Also according to the publication, the two bodies are issuing the warning at the behest of Sen. Al Franken, a Minnesota Democrat, after reports of mortgage-related phishing scams have resurfaced.
The method involves scammers posing as legitimate real estate agents, realtors and title insurance firms to steal a client’s closing costs.
Then they will send a notice through email about alleged changes in the payment-wiring information, through which they will redirect a customer’s payments to their accounts. That money vanishes into thin air once the transaction is completed.
The FTC and the NAR warned consumers to be extra wary about any mortgage correspondence they receive via email.
The two organizations cautioned mortgage clients and told them to contact their realty firm or lender through trusted channels, such as official email addresses and telephone numbers, instead of clicking on links provided in fishy emails.
Further, they warned against opening email attachments, even from a familiar address or individual, unless the attachment is expected. Opening attachments could launch data-stealing malware into your computer, the organizations said.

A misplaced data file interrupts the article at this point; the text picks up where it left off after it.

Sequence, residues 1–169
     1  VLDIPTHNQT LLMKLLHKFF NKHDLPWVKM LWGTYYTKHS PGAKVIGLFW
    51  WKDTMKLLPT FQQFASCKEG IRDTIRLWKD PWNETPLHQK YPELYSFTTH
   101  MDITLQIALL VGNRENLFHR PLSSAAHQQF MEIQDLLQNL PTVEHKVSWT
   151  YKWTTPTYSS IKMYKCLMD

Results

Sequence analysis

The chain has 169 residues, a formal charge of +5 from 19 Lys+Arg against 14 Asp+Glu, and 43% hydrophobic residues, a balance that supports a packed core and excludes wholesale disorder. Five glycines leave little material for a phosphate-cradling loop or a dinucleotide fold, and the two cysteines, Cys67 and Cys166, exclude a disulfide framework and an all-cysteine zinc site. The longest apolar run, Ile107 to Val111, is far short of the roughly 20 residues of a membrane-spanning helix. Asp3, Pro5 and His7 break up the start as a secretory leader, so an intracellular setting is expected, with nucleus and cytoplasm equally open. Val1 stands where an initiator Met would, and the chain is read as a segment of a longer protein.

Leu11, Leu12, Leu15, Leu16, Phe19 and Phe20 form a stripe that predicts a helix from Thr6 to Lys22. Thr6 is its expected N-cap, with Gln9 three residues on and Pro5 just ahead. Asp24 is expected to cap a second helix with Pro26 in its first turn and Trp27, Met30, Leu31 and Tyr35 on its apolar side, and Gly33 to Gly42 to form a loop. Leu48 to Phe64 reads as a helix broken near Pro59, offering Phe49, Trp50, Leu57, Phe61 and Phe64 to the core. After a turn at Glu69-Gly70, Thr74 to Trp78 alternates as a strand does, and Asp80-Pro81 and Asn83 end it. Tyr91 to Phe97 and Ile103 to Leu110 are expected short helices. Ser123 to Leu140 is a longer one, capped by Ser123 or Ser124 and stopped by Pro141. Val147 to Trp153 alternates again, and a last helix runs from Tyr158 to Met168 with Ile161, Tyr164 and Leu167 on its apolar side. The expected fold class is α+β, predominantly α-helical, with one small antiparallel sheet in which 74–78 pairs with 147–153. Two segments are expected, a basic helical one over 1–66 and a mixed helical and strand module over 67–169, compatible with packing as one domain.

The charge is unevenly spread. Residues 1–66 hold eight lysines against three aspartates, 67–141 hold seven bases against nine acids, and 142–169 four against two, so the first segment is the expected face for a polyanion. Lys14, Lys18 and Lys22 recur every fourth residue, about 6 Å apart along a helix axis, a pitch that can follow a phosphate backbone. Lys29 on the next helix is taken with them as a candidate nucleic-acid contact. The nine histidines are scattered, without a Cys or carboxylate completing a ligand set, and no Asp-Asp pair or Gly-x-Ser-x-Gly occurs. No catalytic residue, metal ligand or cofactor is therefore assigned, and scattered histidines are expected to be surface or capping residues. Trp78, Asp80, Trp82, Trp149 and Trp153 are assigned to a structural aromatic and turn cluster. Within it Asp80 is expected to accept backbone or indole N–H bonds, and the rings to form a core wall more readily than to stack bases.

“If you’re buying a home and get an email with money-wiring instructions, STOP. Email is not a secure way to send financial information,” the FTC and the NAR said.
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The Federal Trade Commission (FTC) and the National Association of Realtors (NAR) have re-issued a warning about cyber thieves who intercept communiques between realtors and their clients to waylay mortgage payments, according to a report by HousingWire.